We finally baptised the baby last week. Afterwards we had a big party back at the house. I was standing with two elderly aunts, watching Conor career around the room bumping into people.
One of the aunts says, "Conor is very high spirited, isn't he?"
"Yes," said the other. "A real livewire."
"Ha ha!" I said. "Yes, he's really full of life isn't he?" All of these phrases, are ways of saying: 'He's a destructive little effer isn't he?'
There are, of course, dozens of ways for tactful adults to let you know that your kid is no angel. If someone describes him as sensitive, he's a cry baby; confident, he's cocky. If anyone draws attention to your kid's 'refreshing honesty', he just insulted them.
This happened several times on Sunday. Mike, who's six, asked one of his aunts how she came by all the spots on her face. Someone else's bald spot came up for discussion.
You know you're in trouble if you're constantly apologising for your kids, telling everyone they're tired or hungry, even though everyone's just watched them stuff their little faces with chips and pizza for the past half hour.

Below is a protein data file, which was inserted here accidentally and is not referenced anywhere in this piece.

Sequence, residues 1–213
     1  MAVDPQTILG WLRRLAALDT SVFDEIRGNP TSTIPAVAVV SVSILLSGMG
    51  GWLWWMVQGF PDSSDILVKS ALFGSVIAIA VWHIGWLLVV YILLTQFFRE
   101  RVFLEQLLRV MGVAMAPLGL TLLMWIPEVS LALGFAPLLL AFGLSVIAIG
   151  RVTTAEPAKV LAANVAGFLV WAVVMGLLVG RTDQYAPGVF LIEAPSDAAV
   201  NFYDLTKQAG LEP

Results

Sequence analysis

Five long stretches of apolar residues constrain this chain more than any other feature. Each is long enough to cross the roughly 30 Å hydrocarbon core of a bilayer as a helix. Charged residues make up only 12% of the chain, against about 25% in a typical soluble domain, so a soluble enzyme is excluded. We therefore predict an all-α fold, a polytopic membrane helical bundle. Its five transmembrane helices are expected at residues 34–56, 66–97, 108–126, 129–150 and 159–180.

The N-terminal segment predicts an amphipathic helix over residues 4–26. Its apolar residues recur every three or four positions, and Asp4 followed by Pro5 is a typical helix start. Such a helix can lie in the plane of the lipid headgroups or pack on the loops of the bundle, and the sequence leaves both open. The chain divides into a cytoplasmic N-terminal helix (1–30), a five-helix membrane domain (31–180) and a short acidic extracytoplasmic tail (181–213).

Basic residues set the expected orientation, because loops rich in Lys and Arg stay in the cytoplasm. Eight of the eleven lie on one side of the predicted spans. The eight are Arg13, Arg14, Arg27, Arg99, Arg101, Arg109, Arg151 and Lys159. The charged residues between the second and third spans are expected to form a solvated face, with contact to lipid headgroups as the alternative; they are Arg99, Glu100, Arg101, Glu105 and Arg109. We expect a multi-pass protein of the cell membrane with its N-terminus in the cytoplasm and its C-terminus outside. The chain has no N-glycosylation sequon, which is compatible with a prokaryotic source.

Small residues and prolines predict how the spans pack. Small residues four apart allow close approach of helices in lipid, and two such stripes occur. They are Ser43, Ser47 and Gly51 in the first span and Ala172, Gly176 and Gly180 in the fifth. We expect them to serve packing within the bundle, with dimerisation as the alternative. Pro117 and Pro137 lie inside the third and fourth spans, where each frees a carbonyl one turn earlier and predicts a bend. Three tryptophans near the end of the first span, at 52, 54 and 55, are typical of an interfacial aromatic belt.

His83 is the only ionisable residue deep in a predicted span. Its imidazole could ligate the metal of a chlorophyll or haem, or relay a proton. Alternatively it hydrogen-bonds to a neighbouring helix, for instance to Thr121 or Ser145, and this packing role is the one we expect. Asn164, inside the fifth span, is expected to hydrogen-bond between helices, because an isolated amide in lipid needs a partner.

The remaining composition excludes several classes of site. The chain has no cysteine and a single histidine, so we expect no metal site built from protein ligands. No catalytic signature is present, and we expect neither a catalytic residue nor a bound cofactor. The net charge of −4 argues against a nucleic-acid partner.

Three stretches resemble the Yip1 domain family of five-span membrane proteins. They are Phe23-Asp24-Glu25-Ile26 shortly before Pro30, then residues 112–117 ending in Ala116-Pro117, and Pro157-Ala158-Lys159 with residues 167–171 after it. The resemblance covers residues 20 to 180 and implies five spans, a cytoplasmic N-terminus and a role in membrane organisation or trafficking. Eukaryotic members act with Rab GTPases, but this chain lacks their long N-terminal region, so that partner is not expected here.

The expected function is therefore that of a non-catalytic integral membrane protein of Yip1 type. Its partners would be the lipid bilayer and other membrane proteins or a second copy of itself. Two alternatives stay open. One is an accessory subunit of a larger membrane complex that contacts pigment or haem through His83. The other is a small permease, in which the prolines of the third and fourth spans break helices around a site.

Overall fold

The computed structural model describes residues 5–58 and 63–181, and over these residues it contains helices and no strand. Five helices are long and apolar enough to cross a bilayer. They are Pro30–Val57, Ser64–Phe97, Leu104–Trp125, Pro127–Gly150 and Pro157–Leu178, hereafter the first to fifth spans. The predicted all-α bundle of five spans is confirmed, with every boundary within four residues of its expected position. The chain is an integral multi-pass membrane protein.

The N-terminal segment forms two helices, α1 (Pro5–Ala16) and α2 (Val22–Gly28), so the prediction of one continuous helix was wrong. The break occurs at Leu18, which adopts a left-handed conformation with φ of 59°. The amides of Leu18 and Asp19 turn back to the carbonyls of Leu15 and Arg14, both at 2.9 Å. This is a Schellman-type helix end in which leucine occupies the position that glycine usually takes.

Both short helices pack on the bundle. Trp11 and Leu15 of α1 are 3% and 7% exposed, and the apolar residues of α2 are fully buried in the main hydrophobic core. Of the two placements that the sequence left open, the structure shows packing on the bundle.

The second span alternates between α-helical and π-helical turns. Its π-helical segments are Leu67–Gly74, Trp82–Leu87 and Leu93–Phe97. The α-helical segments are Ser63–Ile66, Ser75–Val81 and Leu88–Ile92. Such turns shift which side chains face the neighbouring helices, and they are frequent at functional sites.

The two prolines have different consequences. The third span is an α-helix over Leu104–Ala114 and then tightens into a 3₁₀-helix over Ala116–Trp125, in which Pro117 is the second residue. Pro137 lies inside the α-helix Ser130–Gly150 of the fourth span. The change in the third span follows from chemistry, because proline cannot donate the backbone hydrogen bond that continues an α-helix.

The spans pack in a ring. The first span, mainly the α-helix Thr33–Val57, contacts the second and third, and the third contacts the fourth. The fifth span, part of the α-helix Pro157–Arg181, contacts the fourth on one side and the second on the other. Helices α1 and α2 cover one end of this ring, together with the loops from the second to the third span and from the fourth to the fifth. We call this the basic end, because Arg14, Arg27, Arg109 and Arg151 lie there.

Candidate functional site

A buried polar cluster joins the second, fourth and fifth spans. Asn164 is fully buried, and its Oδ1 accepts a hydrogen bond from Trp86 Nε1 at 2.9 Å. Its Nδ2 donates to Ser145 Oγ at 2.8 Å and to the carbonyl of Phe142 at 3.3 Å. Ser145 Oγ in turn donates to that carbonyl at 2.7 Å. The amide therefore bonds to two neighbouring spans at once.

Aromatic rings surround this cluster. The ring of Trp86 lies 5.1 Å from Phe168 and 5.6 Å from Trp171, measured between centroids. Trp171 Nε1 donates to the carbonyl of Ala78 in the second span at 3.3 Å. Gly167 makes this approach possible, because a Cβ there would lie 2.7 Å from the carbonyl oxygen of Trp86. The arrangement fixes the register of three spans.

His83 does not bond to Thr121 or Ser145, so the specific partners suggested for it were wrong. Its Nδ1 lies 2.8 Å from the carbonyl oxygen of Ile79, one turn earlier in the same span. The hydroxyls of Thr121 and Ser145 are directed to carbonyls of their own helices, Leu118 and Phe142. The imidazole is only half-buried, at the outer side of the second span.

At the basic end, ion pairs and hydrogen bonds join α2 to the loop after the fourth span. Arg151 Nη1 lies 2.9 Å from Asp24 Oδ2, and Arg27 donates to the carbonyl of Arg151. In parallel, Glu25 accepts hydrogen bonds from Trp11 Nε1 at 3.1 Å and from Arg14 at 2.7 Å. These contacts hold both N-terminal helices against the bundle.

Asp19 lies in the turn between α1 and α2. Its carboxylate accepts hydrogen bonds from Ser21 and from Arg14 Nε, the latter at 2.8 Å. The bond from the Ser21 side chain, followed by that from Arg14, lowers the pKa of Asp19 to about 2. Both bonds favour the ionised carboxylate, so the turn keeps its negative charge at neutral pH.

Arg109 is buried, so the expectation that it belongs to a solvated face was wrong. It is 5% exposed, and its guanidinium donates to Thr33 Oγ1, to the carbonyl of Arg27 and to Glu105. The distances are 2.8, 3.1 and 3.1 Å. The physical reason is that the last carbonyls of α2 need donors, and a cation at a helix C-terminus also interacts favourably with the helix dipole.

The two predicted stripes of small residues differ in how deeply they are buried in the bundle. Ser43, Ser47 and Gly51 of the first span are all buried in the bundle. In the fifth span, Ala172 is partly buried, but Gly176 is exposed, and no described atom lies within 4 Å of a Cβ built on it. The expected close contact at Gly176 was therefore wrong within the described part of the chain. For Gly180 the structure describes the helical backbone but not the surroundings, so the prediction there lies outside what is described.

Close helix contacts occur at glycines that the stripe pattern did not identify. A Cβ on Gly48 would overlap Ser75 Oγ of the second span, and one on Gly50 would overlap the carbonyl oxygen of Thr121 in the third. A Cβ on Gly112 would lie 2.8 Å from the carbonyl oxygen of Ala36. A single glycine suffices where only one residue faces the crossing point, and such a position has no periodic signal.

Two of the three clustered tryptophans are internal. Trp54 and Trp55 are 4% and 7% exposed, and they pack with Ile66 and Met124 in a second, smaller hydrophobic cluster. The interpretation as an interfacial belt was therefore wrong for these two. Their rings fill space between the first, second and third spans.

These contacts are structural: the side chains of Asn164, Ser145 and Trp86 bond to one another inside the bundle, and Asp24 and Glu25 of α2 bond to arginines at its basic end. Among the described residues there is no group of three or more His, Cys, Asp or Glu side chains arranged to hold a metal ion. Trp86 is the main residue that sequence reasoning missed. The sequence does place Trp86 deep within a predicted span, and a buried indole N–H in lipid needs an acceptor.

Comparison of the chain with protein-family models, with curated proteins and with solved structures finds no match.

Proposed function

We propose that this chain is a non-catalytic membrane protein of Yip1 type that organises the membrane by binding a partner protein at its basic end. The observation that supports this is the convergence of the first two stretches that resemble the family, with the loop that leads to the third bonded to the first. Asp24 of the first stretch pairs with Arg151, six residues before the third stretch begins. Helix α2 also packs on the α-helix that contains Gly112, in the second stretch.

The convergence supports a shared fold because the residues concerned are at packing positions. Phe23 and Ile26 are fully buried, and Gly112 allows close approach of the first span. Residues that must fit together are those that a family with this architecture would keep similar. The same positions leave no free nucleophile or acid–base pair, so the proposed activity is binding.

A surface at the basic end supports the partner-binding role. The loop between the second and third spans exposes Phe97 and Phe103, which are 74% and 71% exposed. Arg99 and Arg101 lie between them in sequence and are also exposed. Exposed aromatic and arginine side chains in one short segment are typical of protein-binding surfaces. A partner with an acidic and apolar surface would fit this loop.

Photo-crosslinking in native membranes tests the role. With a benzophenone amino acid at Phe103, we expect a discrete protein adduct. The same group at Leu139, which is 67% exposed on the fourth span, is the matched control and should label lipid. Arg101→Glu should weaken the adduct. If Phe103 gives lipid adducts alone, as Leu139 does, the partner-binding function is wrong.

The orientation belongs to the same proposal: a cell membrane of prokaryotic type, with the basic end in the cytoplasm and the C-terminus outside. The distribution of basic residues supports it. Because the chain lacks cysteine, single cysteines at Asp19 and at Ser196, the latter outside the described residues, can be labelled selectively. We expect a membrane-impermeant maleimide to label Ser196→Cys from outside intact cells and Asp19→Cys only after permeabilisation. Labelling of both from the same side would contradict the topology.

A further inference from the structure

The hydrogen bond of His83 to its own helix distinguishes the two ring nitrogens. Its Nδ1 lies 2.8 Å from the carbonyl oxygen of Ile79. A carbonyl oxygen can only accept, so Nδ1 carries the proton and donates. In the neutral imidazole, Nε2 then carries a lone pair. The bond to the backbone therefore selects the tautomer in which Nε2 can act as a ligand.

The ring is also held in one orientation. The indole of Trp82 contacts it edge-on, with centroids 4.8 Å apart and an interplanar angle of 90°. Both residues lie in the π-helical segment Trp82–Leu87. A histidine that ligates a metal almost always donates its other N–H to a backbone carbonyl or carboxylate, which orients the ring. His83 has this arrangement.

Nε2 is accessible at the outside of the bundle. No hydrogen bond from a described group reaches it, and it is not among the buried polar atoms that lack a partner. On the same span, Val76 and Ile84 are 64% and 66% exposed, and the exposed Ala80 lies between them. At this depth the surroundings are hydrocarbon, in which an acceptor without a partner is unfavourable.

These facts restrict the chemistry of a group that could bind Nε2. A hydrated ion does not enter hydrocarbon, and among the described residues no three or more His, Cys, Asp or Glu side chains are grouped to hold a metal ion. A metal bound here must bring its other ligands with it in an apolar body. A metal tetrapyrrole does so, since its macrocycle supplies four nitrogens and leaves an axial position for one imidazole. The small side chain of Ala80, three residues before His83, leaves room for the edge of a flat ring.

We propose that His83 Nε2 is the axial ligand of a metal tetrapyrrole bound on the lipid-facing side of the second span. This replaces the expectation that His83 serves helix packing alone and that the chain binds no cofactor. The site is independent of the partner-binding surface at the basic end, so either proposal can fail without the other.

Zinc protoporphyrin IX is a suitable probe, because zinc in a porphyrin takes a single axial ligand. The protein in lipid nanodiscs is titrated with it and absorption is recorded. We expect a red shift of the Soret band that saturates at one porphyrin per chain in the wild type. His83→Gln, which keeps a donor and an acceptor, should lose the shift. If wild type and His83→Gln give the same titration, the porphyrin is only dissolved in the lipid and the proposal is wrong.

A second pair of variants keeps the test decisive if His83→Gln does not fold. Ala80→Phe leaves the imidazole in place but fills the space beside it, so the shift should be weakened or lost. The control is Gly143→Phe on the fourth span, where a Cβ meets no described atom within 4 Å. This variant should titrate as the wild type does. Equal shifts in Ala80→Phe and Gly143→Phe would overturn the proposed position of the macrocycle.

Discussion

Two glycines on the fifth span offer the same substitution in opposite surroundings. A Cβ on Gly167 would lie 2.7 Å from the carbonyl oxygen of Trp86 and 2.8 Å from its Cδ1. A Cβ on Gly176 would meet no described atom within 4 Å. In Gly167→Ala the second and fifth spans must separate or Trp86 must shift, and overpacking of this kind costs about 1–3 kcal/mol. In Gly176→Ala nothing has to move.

But how do you teach them tact? Tact is a denial of the elephant in the room and kids love elephants.
Last Christmas, when Grandma gave Mike his present, he took one look at it and made no attempt to hide his disappointment. Grandma was not happy. There were mutterings about kids having everything these days, about their inability to appreciate anything.
I was telling this story to a friend of mine and she said she had an identical experience a few Christmases ago. The kid's negative reaction to Grandma's present caused such a stir in the house that the following year, the parents put a huge effort into prepping the kid ahead of receiving the present. The whole way up in the car, they were saying: "Now Bobby, when Grandma gives you her present, you're going to say you like it, okay? Even if you don't."
By the time they got to the house, the kid was a nervous wreck. When it came time to open the present, the entire extended family gathered round, waiting to see what would happen. He ripped off the paper and burst into tears.
"What is it, honey, what's wrong?"
"But Mammy I really like it."
Kids just aren't good liars -- or at least they're not good at sophisticated lies that are designed to save someone's feelings.
They will only lie if they think it'll get them out of a jam: 'She broke it', 'It wasn't me', 'it was that way when I found it'. But they'll learn in time.
Civil society is based on messing about with the truth: 'No, you're bum doesn't look big in that', 'I can't come to work, I'm sick', 'No, we won't shut that A&E unit'.
Yep, they'll learn.